swing state

November 14, 2022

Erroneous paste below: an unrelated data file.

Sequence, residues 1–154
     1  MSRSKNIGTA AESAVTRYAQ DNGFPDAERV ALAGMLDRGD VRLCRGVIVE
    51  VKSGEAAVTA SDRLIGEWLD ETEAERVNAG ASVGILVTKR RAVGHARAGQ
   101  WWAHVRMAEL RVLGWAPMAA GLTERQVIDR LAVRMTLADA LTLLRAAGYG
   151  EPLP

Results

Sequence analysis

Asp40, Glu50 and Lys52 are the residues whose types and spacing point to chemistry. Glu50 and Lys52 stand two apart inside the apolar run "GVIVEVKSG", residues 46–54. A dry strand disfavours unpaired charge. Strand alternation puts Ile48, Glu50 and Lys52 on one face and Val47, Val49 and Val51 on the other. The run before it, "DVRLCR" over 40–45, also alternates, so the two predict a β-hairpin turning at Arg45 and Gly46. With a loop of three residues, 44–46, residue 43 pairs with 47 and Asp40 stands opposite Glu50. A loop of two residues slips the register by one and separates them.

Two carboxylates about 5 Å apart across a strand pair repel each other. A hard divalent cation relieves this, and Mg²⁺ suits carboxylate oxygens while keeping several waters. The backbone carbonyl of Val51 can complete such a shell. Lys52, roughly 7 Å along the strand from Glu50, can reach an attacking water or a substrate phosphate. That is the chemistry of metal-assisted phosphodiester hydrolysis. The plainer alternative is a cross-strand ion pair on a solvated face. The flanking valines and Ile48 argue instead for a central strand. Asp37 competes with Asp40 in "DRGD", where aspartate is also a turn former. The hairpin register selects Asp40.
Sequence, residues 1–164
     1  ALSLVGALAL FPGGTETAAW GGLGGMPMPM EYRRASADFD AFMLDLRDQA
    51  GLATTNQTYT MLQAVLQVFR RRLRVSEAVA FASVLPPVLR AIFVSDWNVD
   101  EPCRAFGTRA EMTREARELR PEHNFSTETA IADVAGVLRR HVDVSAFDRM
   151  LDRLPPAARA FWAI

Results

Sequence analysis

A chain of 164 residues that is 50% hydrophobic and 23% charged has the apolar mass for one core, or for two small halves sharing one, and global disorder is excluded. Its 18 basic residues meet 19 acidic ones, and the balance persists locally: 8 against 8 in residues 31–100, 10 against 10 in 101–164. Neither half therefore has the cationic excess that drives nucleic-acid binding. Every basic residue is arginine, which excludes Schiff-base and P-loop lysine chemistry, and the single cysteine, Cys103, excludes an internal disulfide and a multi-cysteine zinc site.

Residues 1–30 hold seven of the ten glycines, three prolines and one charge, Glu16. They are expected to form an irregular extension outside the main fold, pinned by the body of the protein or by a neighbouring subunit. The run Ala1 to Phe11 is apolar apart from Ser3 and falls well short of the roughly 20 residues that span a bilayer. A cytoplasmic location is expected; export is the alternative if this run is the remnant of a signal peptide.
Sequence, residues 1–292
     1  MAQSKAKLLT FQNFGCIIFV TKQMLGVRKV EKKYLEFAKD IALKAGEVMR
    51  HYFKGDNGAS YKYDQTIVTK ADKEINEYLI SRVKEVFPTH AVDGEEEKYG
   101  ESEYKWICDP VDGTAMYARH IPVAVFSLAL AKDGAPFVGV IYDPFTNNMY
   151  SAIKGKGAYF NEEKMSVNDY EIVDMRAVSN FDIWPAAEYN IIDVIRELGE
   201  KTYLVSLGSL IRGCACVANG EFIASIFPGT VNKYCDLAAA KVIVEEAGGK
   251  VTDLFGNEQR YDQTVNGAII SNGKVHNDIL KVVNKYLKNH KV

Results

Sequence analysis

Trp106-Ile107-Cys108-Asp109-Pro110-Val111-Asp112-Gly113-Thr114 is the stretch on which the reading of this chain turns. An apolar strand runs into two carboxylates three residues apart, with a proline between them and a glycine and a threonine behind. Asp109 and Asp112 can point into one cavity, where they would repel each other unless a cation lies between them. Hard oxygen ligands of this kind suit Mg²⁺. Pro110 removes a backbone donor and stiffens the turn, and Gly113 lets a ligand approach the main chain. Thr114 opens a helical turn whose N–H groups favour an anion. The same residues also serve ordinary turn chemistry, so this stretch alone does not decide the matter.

Given the ease with which GOP Sen. Marco Rubio and Gov. Ron DeSantis (R) won re-election in the 2022 midterms, pundits, journalists, and casual politicos are all wondering: Is Florida still a swing state? Well, it seems the general consensus is no … but the exact reason for and proof of the GOP tilt has generated plenty of discussion: It's gone red — because look at DeSantis' landslide victory Even when Florida flipped red in the past, its resulting hue was more of a light pink than a deep burgundy. Republicans would win, but they would win "in nail-biters" — more often narrow victories than major blowouts, mused Charles C. W. Cooke for The National Review. But after DeSantis on Tuesday annihilated his Democratic challenger Charlie Crist by a whopping 19 points, "no longer can Florida be seen as a swing state. This is Republican ground," Cooke declared. "For the first time in a long time, Republicans didn't just win in Florida; they won big in Florida." And Rubio's simultaneous blowout of Democratic Rep. Val Demings — who both outraised and outspent her opponent — is just further evidence of a shift. Plus, it's not as though Crist or Demings were particularly progressive Democrats; in fact, Crist used to be a Republican, and Demings "was literally a cop," added Mother Jones' Abigail Weinberg. But even so, both were trounced, further illustrating how "Florida, a state once so closely divided that a 0.009 percent vote differential dictated a presidential election, is a swing state no longer." It's gone red – because Democrats have gone about it all wrong One thing's for sure — Democrats will absolutely have to "rethink their campaigns" in Florida, noted The Wall Street Journal Editorial Board. Yes, Florida has been trending Republican for some time, but the latest midterm results are incredibly affirming.  So what did the party do wrong? Well, in one misstep, national Democratic donors "all but abandoned [Florida] this year, spending their money in states where they could get more bang for their buck, like Georgia or Arizona," posited the Editorial Board of the Miami Herald. While such a triage-like strategy may have seemed most efficient, it neglected to cater to Florida's coveted 30 electoral votes and their monumental importance in every presidential election. Instead of sticking with the state, the Democratic party "picked up and left, returning only when it needed votes and often too late." But Republicans "played the long game" — and it paid off. If Democrats' big failure can "teach us anything, it's that you snooze, you lose." It's gone red — because Democrats lost Latino voters  In another telling indication of his success, DeSantis managed to carry Florida's heavily-Latino Miami-Dade County — something no Republican has done since former state Gov. Jeb Bush in 2002 — by double digits. In 2016, Hillary Clinton took the county by 29 points; In 2020, President Biden won it by seven. DeSantis himself lost it back in 2018. But it went red on Tuesday. Why? Well, at least in part because Democrats lost Latino voters, Michael Grunwald argued for The Atlantic. Unlike their counterparts, "Republicans actually show up in Latino communities," Grunwald said. The party understood it needed to make inroads with the Florida demographic, especially after losing the White House in 2012, and has been "on the ground" ever since, Democratic strategist Fernand Amandi told Grunwald. But in abandoning the state, Democrats have allowed Republicans to control the Latino voter-facing narrative. For instance, while Spanish-language radio in Florida is "full of right-wing misinformation portraying Democrats as socialists and Communists," those attacks might pack less of a punch if liberal "surrogates" actually showed up to fight back. All in all, Dems "can't win Florida if they can't win around Miami, and they can't win around Miami if they keep hemorrhaging Latino votes." Of course, any future party successes depend on whether Democrats care about their southern demise and actually want to change. But Biden won the election without taking Florida, "and his team seems to be planning to try that again," Grunwald added. So "for the foreseeable future, the ultimate swing state will be just another red state."

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